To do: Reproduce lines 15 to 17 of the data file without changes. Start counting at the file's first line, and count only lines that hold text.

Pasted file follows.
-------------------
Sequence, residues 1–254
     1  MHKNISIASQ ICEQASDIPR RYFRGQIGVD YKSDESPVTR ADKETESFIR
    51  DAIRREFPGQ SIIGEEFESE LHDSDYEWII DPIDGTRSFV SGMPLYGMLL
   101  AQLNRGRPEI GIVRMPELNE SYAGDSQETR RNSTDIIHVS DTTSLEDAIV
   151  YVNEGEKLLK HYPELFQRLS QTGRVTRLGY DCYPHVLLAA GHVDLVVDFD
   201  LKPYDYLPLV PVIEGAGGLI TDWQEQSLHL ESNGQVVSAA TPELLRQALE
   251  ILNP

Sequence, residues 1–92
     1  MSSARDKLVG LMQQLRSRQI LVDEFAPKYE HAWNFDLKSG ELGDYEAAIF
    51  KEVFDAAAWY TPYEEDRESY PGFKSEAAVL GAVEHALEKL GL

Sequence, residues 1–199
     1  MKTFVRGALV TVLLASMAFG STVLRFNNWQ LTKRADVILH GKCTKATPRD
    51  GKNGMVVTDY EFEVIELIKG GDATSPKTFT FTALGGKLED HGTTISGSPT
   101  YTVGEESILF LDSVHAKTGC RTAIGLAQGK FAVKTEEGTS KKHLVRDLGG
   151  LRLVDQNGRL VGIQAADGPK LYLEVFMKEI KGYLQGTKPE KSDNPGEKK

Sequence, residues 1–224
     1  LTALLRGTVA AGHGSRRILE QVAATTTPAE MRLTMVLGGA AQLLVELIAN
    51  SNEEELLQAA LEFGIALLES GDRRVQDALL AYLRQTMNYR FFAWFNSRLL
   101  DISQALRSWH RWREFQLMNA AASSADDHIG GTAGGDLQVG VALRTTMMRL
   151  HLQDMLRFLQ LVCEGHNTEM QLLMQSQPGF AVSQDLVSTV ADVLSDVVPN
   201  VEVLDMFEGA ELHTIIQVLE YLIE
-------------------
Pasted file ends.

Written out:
   151  LRLVDQNGRL VGIQAADGPK LYLEVFMKEI KGYLQGTKPE KSDNPGEKK

Sequence, residues 1–224
     1  LTALLRGTVA AGHGSRRILE QVAATTTPAE MRLTMVLGGA AQLLVELIAN